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A toast to the Emperor

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Japan is known for its rich history, deep traditions and well-preserved treasures that seamlessly co-exist with its modern-day, tech-driven environment. Such astounding character of the country is evident in its good mix of popular tourist spots such as its majestic shrines and temples tucked away in lush gardens, its tranquil national parks, as well as bustling cities with its towering skyscrapers and bright neon lights.

One Japanese practice that continues to thrive is that of having an emperor. Serving as the symbol of the state and of the unity of its people, locals call him as Tenno Heika or “His Majesty the Emperor,” and not by his name (simply because using it after his coronation is considered disrespectful). While the emperor’s role is limited to ceremonial affairs, he meets with other world leaders too to convey Japan’s ongoing friendship with them and support for their country.

Department of Foreign Affairs Undersecretary Ernesto Abella (right) gave their remarks during the National Day of Reception held recently in Makati.

Outside Japan, he is known as the reigning Emperor Akihito whose liberal ideas opened “The Land of the Rising Sun” to the rest of the world.

Ties between Japan and the Philippines were highlighted in a reception that took place this December at the Makati Shangri-La Hotel to celebrate Emperor Akihito’s 85th birthday.

According to Japanese Ambassador to the Philippines Koji Haneda, “Japan has not wavered in its commitment to support the Philippines in building an efficient and resilient nation, and help bring progress closer to the Filipino people.”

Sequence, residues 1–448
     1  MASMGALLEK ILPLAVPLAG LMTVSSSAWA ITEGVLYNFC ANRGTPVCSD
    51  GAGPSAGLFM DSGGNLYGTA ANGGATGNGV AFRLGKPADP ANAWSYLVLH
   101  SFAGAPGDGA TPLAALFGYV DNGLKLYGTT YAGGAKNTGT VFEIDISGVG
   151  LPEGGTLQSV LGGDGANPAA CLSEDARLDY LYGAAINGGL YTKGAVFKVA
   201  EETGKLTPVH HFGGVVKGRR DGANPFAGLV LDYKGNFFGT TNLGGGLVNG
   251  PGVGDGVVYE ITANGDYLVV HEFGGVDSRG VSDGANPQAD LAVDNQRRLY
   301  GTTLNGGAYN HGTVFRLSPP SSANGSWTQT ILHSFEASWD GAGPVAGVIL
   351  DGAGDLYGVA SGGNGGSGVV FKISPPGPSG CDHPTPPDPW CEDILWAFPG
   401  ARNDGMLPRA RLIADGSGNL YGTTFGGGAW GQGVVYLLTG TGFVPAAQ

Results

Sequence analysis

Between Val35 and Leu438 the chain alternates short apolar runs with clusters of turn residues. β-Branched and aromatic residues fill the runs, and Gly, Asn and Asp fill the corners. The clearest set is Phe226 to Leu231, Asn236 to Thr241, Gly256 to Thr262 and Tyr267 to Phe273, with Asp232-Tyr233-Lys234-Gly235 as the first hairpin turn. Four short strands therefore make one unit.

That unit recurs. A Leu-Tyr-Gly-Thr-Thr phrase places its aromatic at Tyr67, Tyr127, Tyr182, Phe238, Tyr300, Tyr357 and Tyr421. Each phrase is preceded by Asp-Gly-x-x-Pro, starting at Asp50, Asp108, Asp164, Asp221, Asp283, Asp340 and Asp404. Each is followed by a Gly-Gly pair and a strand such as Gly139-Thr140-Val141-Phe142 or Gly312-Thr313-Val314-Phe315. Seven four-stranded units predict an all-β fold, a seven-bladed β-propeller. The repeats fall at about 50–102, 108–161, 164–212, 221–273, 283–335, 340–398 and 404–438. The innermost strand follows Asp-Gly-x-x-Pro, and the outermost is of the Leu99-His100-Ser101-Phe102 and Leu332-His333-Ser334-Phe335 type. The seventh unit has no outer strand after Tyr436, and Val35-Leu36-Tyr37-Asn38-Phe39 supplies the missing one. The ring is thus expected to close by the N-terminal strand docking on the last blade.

In 2019, initiatives that will be carried out in partnership with Japan include the opening of direct flights between Haneda Airport (Tokyo) and Manila beginning 1 February and the construction of new infrastructure such as the Metro Manila Subway, the North-South Commuter Railway System Extension Project that will link the northern and southern parts of the Greater Manila Area and the Philippine Railway Institute that will train individuals in running and maintaining the country’s railway system as well as providing customer service to the commuters.

AMBASSADOR Koji Haneda

Haneda also took pride in mentioning Japanese-Filipino athletes who are excelling in the world of sports. These include sumo wrestlers Mitakeumi Hisashi and Takayasu Akira and individuals who will be competing in the 2020 Summer Olympics in Tokyo such as Carlos Yulo for gymnastics, Yuka Saso for golf, Kiyomi Watanabe for judo and Junna Tsukii for karate.

Some of the projects recently carried out with Japan’s help include the construction of the newly launched Bohol-Panglao International Airport that runs on eco-friendly technologies, and the opening of direct flights between Manila and Sapporo early this month.

“Japan has been one of our staunchest partners in the effort to realize President Duterte’s 10 point socio-economic agenda,” said Foreign Affairs Undersecretary Ernesto Abella.

Present in the reception were other government officials such as Finance Secretary Carlos Dominguez III, Transportation Secretary Arthur Tugade, Budget and Management Secretary Benjamin Diokno, Presidential Adviser for Entrepreneurship Jose Ma. “Joey” Concepcion III, and Sen. Franklin Drilon and various foreign dignitaries.

Twenty-nine booths were also set up by different Japanese organizations to promote their products and services, as well as prefectures which invite guests to come and visit wonderful attractions in their area.

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